A Russian government document obtained by Reuters on Friday showed military spending doubling to over $100 billion for 2023 as the invasion of Ukraine grinds on. The document offered some concrete evidence that Russia might not be able to afford the war for much longer.
As Reuters pointed out, Moscow no longer makes “sector-specific budget expenditure data” public, so the document – whose provenance the report was rather coy about – offers the outside world a rare glimpse of the balance sheet for the Ukraine invasion.
The numbers do not look good, as the published budget goals for 2023 envisioned defense spending as roughly 17 percent of all government spending, but the actual number is over 37 percent of expenditures and climbing.
The war has not crashed Russia’s finances yet because military spending is a form of economic stimulus – but eventually, the treasury runs dry, and titanic government debt begins to crush the economy. Americans have been learning that painful lesson slowly, but the hurting will come faster in the much smaller and less robust Russian economy:
Rising war costs are supporting Russia’s modest economic recovery this year with higher industrial production, but have already pushed budget finances to a deficit of around $28 billion – a figure compounded by falling export revenues.
Higher spending on defense, as Moscow prosecutes what it calls a “special military operation” in Ukraine, could widen the deficit further, while the boost in output could cannibalize other sectors and crowd out private investment.
Funding for schools, hospitals and roads was already being squeezed this year in favor of defense and security, but as the share of defense spending grows, other areas could face cuts.
Analysts told Reuters the Russian military-industrial complex is effectively “running at full capacity,” while civilian industrial production is slowing down. As CentroCreditBank economist Yevgeny Suvorov put it, other sectors are “hemorrhaging” staff as the military economy devours skilled workers.
Russia’s income from oil proved more robust than Western planners anticipated when sanctions were first imposed, but that charmed era may be coming to an end.
The Russian Finance Ministry reported in July that oil and gas revenues fell by 47 percent in the first half of 2023, causing the government’s budget deficit to rise 17 percent more than originally projected for the entire year. Russia’s energy industry relies on some very expensive targeted government subsidies, so a cycle of collapse could begin as plummeting oil revenues and rising war costs make those subsidies unaffordable.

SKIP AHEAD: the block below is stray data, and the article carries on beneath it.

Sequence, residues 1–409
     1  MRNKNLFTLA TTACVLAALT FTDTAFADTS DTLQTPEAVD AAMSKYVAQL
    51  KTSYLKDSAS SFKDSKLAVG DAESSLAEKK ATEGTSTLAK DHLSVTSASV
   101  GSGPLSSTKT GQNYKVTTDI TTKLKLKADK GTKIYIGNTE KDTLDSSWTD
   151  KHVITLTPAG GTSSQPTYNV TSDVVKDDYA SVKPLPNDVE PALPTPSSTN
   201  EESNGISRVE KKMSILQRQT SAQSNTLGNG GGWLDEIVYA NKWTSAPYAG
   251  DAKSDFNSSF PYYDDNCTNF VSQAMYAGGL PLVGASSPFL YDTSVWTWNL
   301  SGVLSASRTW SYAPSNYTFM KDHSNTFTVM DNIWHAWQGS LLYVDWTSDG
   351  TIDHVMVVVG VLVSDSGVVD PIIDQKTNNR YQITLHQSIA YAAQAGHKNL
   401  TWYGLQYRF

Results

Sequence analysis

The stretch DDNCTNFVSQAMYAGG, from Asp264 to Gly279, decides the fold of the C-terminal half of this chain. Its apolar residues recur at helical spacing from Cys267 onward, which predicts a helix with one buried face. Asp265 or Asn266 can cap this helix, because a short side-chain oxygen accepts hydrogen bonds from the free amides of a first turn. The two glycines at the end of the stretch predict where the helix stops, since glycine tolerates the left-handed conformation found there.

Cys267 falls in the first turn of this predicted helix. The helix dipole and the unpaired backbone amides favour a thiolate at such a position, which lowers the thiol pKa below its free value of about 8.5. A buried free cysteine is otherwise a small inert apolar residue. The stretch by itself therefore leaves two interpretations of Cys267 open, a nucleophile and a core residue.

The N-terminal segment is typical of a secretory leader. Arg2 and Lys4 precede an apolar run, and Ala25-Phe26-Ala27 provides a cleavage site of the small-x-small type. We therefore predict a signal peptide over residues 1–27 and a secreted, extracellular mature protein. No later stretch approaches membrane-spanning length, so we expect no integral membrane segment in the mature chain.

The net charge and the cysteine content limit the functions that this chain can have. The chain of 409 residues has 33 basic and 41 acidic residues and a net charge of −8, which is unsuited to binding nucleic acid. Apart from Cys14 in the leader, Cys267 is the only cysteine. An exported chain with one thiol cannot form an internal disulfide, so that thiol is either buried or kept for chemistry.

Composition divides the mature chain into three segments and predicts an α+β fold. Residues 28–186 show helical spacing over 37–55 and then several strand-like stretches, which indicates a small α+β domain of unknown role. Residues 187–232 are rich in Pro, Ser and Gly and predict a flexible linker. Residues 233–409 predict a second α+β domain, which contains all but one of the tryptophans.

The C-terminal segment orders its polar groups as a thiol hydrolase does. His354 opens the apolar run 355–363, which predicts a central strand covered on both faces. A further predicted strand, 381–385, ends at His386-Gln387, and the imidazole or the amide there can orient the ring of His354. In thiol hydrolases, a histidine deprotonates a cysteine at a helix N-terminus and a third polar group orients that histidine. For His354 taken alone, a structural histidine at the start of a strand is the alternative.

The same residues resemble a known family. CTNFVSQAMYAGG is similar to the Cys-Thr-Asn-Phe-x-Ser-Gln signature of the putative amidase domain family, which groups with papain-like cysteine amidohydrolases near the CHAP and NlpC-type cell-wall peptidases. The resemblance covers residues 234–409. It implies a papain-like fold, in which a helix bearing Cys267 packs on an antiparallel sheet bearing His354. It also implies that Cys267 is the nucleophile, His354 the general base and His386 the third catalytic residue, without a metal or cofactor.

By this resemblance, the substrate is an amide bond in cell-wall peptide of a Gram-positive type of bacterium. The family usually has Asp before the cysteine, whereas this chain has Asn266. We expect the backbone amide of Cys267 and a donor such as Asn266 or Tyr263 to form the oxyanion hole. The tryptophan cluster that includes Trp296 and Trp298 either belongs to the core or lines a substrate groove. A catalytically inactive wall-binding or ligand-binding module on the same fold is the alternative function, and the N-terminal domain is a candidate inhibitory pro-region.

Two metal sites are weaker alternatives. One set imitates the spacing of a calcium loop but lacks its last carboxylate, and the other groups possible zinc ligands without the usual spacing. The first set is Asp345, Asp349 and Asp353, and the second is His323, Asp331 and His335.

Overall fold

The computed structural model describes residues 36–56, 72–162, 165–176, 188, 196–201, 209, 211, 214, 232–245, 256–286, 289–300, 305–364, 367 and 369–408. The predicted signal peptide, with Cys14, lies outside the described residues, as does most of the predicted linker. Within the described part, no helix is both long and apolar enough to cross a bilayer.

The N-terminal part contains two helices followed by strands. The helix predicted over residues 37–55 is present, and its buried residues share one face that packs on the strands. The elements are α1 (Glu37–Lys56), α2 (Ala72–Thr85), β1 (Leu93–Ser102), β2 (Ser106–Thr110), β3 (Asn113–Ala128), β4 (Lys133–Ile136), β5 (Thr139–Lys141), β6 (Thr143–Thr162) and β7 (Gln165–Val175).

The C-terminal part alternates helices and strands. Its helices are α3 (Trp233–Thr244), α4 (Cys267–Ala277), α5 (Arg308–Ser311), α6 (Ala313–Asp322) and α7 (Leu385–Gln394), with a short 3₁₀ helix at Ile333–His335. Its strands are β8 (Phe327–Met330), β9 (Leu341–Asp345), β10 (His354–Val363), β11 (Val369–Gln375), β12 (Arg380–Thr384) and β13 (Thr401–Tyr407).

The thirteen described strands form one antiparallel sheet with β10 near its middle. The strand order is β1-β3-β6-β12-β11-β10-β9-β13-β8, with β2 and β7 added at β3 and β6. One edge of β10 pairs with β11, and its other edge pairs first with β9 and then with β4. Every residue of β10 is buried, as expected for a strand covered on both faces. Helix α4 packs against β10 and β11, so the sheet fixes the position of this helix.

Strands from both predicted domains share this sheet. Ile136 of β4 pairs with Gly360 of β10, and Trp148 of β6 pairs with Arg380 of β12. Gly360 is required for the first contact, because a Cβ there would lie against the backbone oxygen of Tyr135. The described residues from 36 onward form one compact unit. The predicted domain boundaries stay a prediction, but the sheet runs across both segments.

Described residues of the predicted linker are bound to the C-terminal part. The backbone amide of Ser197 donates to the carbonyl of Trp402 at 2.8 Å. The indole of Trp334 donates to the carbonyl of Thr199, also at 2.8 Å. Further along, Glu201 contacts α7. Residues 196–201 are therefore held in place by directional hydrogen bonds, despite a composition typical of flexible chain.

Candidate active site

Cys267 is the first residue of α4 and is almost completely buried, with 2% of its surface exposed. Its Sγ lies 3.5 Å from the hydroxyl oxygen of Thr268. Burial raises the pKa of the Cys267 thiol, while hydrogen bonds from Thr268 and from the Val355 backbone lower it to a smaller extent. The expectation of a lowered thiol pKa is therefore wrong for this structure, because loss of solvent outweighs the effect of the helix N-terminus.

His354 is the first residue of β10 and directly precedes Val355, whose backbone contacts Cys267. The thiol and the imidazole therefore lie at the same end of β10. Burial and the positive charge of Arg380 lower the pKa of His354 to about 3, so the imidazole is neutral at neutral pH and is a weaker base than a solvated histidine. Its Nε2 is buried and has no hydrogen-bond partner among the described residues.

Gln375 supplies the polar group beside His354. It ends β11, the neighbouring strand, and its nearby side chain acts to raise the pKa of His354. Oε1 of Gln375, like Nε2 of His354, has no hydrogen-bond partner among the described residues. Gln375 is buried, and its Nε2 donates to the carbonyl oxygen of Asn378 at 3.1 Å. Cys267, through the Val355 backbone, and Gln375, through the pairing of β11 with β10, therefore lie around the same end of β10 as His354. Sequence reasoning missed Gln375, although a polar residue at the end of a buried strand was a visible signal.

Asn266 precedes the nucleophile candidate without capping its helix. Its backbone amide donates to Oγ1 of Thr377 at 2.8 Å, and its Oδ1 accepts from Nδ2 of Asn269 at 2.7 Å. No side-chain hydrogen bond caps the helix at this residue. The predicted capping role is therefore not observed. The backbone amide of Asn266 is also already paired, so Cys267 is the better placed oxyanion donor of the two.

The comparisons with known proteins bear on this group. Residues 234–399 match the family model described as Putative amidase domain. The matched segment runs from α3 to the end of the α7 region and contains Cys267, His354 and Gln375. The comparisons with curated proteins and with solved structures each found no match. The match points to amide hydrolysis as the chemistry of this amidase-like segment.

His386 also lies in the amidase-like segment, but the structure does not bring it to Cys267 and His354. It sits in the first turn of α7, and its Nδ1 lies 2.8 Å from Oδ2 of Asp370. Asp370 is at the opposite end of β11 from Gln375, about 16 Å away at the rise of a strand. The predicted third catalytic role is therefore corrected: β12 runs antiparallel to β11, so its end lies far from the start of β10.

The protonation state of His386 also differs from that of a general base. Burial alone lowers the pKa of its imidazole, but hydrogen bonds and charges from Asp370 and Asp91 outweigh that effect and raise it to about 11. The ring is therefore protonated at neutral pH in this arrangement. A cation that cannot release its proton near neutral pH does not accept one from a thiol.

Locko-Invest head of investment Dmitry Polevoy predicted Russia will suffer a “rapid economic slowdown” once the money for “fiscal steroids” dries up and military spending is no longer a net stimulus to the economy.
Of course, the burden of maintaining Ukraine’s defense is a massive fiscal burden for Kyiv and its allies too, including the cost of maintaining economic sanctions against Russia.
The Wall Street Journal (WSJ) on Wednesday was less optimistic that Moscow will lose the money war, noting that on both the real-world and spreadsheet battlefields, titanic Western spending has only been able to achieve a “stalemate” against Russia.
The Biden White House glibly predicted sanctions would “cut Russia’s economy in half” after the invasion of Ukraine began, but Russian GDP shrank only 2.1 percent in the first year of the war, and will grow by 1.5 percent this year, even though Russia is “the most sanctioned major economy in the world.”
Nothing about the sanctions regime has worked as the Biden administration predicted:
When they were unveiled, the sanctions were described by Biden administration officials as the most consequential in history, and the initial shock and awe roiled Moscow’s financial markets. But today the economy has muddled through enough for the Kremlin to support an attritional war that the U.S. had hoped to avoid.
Sanctions initially starved Russia of microchips and high-tech components last year, crimping its ability to produce precision-guided missiles. But since then Moscow has found loopholes through neighboring countries, and is bombing Ukraine daily with precision weaponry.
Russia’s crude oil continues to flow, even if the lower prices it fetches have hit state coffers. Analysts say that the main effect of sanctions—technological backwardness and an inability to modernize—will hamper its economic growth in the longer term.
The military budget document reviewed by Reuters might be a bit more gloomy than the situation described by the WSJ’s correspondents a few days earlier, but the bottom line is that Russia’s strategy of using military production as economic stimulus to balance the impact of sanctions – and relying on a few key trading partners and shadowy shipping networks to avoid the worst of those impacts – is still working for the moment.
Interestingly, the Reuters and WSJ analyses agreed on one key point: Russia’s great near-term weakness is a growing shortage of labor.
“Russia is suffering its worst deficit since the 1990s as emigration and wartime mobilization sap workers from companies – a trend only expected to worsen due to the country’s poor demographic outlook,” the WSJ observed.